The disruptive effects of artificial light on sleep are well documented, and have received an increasing amount of attention in recent years—with good reason. Nighttime exposure to artificial light—which for the great majority of us happens without much thought or awareness—disrupts the body’s circadian rhythm, altering the 24-hour biological clock that controls our sleep-wake cycle. In addition to wreaking havoc with sleep, disruptions to circadian rhythms also have been associated with a number of serious diseases, including cancer, diabetes, depression and heart disease.
In particular, research in recent years has shown that blue wavelength light is especially harmful to circadian rhythm function. Studies have shown that blue wavelength light has uniquely harmful effects on humans, and suppress melatonin levels more vigorously than other light wavelengths. Unfortunately, many energy-efficient light sources produce high concentrations of blue light. Blue light is emitted by electronic devices, energy-efficient light bulbs, and other common light sources.
Research investigating blue-light blocking—most often in the form of goggles that filter out this particular wavelength of light—has shown promise. A new study of cataract patients indicates that artificial lens implants can help improve sleep. Scientists at China’s Sichuan University studied the effects of blue-light blocking artificial lenses implanted during cataract surgery. The study involved 40 patients who required surgery for cataracts in both eyes. Cataract surgery commonly involves removal of the eye’s damaged lens, and insertion of an artificial lens. Cataracts are a common condition among older adults—approximately 60% of people over the age of 60 experience cataracts. The study subjects—26 women and 14 men, with an average age of 74—were given artificial lenses with blue-light blocking capability. Researchers assessed patients sleep quality before surgery and again two months after surgery. They found patients’ sleep had improved significantly across several measures:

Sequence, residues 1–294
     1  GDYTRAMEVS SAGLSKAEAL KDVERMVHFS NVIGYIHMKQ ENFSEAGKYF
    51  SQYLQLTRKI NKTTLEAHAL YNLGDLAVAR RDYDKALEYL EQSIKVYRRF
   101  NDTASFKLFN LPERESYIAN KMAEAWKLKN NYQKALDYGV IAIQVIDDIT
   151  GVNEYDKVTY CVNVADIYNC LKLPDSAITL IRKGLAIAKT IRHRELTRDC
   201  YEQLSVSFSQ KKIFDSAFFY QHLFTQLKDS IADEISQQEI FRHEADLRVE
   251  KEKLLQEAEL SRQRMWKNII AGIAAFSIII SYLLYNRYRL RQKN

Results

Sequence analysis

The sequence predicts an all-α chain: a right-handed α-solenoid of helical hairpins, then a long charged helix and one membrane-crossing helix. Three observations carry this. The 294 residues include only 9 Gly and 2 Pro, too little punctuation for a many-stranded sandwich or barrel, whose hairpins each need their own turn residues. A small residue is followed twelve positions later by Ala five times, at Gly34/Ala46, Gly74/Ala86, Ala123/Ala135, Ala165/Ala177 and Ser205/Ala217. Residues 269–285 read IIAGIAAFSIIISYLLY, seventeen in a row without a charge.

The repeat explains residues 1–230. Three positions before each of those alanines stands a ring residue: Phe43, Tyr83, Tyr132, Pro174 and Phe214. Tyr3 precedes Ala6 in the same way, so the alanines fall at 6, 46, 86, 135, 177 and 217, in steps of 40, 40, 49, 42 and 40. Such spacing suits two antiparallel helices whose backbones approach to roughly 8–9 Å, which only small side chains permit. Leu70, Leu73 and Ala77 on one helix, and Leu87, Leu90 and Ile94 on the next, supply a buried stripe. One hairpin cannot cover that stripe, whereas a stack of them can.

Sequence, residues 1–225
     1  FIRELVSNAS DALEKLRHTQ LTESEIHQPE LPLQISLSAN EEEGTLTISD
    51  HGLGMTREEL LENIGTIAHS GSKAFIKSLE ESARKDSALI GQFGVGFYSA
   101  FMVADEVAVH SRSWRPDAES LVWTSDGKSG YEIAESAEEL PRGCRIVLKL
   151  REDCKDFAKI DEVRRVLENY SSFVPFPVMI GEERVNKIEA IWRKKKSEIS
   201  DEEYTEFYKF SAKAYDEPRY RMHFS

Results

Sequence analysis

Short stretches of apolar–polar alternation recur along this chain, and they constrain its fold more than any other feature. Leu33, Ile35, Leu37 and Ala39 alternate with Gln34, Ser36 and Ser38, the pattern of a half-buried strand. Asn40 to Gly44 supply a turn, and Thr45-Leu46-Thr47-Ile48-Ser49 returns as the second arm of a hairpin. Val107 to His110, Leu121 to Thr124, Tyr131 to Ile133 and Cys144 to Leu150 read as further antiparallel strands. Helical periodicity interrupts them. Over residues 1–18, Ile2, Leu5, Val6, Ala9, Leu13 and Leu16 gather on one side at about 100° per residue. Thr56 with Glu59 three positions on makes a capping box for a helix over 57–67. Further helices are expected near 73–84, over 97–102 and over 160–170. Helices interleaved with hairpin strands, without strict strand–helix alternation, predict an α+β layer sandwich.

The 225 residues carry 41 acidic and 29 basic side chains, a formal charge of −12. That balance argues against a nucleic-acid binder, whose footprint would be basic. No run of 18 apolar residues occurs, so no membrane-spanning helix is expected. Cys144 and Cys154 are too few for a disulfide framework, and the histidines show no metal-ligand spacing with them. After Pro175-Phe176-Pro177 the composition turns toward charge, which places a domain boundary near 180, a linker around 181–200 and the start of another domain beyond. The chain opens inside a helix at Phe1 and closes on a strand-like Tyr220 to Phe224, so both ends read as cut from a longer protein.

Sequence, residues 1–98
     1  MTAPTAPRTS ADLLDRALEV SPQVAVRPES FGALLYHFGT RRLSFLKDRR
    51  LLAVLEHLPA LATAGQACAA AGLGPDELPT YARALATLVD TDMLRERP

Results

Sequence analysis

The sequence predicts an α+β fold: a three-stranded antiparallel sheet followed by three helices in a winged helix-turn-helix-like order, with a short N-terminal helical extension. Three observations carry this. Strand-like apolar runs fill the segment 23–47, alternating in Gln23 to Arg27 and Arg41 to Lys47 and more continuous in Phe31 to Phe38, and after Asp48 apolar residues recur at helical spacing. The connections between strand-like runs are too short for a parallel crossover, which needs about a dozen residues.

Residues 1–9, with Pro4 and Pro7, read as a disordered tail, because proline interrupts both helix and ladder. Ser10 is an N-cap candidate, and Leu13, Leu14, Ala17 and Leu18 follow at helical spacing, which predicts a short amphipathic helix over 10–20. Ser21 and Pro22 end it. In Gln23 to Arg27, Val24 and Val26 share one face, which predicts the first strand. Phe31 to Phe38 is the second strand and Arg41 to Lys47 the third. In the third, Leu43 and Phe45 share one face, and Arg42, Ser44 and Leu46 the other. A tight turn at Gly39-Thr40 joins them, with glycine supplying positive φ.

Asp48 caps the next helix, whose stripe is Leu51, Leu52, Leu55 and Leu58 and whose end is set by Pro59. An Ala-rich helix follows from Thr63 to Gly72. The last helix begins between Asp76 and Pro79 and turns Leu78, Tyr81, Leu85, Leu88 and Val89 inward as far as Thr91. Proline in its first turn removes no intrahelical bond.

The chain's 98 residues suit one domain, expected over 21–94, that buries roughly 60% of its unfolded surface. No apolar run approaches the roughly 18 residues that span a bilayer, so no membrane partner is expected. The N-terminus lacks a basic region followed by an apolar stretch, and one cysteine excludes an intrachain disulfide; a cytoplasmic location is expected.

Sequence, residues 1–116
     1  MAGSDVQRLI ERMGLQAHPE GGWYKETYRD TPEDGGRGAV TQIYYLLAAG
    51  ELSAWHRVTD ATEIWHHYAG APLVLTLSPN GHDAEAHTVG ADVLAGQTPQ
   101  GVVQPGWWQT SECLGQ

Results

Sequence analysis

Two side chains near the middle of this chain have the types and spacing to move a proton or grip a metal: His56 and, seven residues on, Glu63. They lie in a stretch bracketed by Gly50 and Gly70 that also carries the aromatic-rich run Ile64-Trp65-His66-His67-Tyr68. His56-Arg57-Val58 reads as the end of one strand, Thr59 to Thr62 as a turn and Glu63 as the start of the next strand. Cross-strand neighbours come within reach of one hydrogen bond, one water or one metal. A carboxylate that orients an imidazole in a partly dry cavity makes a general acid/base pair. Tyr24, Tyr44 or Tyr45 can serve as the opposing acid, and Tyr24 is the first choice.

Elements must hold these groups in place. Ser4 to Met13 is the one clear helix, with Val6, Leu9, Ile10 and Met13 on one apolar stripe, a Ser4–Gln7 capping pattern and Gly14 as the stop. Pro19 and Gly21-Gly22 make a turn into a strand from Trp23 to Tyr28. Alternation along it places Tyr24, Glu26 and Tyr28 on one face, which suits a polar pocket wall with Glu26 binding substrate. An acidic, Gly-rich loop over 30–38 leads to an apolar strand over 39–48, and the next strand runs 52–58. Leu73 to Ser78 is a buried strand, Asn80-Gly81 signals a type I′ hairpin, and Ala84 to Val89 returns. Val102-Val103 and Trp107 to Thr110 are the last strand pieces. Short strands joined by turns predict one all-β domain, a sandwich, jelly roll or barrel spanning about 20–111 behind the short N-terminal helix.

Lens replacement surgery is necessary for cataract patients. But there are other, less invasive ways to filter out blue-light that are also being investigated by sleep scientists. Research has shown the benefits to sleep of manipulating and controlling exposure to blue light:
This area of research is critically important, and I expect we will see a great deal more investigation into the effects of blue wavelength light on sleep and health. But you don’t need special goggles or eye lens implants to protect your circadian rhythms and your sleep from the negative effects of artificial light. Here are some low-tech suggestions that can help you:
Being aware of the effects of nighttime exposure to light and making some basic changes to bedtime routines can go a long way toward getting you the darkness you need to sleep well, even in this ever-bright modern age.
Michael J. Breus, PhD
The Sleep Doctor™